‘Voices of Hope’: Inspiring Others Through Multidisciplinary Collaboration

Posted on Thursday, March 18th, 2021

Using poetry, beats, and creativity, a group of Silver Cluster students put their musical skills to the test to inspire and uplift others.

Music Teacher Abby Shuppy had students in Head Teacher Katie Kolenda, Assistant Teacher Lauren Weiss, and Physical Education Teacher Pat Fitzgerald’s class create their own songs of hope for a Carnegie Hall challenge.

The “Voices of Hope” challenge requires students to write their own music inspired by the times we’re living in now in whatever format best suits them in order to inspire hope.

Ms. Shuppy said, “I thought about one particular student in the Silver Cluster who has risen to the occasion of being in virtual learning and of this weird way of teaching music, and he’s been sending me pieces that he’s writing.”

Some of the inspiration behind sharing this activity also came from a lesson the class had recently completed where they read some of Amanda Gorman’s poetry and listened to a song that was created using her words set to music.

Ms. Shuppy forwarded the challenge to Ms. Kolenda to see if her students would be interested in participating, as their class was also completing a poetry unit, turning the project into a multidisciplinary activity that involved music, poetry, and creative writing.

“She took it to the next level,” Ms. Shuppy said. “They took this project and made it a full classroom project where kids were taking poetry and putting music to it.”

Students used different kinds of programs to make the music, such as Soundtrap and Chrome Music Lab, which Ms. Shuppy said the students have been exploring throughout the year.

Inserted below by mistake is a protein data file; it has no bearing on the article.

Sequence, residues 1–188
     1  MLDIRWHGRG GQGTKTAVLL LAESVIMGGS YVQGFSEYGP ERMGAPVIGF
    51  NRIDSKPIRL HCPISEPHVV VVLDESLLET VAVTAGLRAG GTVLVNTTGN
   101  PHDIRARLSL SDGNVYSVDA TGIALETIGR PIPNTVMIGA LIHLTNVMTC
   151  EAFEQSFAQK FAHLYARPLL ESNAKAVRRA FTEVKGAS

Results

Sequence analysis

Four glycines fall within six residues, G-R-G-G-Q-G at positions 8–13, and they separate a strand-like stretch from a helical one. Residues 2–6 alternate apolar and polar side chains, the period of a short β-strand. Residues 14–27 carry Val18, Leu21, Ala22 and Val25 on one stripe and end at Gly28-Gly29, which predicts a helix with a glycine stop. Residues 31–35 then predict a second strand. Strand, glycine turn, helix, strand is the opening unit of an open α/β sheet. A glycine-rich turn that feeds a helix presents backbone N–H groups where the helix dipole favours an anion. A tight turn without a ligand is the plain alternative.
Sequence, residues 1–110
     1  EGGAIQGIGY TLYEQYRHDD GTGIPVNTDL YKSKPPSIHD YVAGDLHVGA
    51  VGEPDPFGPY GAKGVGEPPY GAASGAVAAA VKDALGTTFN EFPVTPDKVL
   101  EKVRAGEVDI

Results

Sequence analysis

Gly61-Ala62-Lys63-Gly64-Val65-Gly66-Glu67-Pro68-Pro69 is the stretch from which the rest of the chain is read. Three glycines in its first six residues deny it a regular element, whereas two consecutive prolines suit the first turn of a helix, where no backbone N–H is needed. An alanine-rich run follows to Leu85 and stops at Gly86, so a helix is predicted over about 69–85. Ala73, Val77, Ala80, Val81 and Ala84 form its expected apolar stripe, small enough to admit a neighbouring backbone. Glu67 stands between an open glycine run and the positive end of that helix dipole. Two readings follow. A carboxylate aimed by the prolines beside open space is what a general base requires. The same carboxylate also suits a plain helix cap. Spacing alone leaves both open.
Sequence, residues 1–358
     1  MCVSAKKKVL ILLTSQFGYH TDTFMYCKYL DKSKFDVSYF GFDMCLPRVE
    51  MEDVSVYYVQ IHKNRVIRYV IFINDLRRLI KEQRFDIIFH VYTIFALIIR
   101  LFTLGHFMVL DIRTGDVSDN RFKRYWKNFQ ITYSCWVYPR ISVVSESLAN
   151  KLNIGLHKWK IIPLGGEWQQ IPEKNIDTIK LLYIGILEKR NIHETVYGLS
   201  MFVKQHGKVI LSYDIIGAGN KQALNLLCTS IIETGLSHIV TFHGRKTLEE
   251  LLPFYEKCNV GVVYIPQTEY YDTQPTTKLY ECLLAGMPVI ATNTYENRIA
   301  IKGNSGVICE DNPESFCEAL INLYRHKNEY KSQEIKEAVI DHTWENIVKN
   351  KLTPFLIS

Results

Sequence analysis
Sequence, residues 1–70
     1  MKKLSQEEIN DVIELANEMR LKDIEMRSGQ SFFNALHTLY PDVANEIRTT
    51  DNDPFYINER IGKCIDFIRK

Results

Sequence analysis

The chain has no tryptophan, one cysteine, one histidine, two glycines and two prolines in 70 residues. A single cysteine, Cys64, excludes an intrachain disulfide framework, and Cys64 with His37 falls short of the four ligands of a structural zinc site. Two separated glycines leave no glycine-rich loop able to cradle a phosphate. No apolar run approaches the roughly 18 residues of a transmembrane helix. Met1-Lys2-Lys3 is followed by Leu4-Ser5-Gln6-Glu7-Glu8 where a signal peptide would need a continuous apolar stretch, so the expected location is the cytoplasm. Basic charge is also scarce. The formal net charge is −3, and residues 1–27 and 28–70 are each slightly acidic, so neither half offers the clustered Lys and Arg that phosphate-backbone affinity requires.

“This was the perfect opportunity for them to combine what they were learning in their classroom with poetry, and the music elements that they were studying to make their own music,” she said.

Playing to their strengths, some students created beats, some students performed readings, and one student sang the “Star Spangled Banner.”

Ms. Shuppy said she was amazed at the way the students collaborated on their projects and were able to take the challenge and run with it.

She also said this activity was important because it gave students a sense of ownership and a way to express themselves during a time when we all need something to uplift us and inspire hope.

“So often the work in our music classroom was about, ‘We’re all in this together. I’m the teacher, and we’re working together,’” Ms. Shuppy said. “But this particular way of teaching this year puts a lot of ownership on the kids, because I’m not in the room with them. So to walk in and see what they’re doing from themselves — really the inspiration just coming from themselves — is so powerful, and I feel like that’s important for them to feel proud of themselves and inspire others. I’m inspired. I’m really truly amazed.”